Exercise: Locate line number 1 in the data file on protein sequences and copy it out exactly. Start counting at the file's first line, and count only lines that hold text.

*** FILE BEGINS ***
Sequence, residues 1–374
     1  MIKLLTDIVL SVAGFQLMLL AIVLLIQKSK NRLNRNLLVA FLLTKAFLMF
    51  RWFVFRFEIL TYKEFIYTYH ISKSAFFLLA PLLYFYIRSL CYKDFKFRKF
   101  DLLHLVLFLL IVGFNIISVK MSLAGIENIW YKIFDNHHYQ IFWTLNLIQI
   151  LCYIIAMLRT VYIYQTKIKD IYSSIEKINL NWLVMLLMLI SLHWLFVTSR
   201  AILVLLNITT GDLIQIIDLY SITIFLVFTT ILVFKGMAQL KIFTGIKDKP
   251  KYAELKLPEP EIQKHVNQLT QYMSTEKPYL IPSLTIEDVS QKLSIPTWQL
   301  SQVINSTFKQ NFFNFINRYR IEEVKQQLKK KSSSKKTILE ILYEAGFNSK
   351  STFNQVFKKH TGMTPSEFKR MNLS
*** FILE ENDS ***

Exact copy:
Sequence, residues 1–374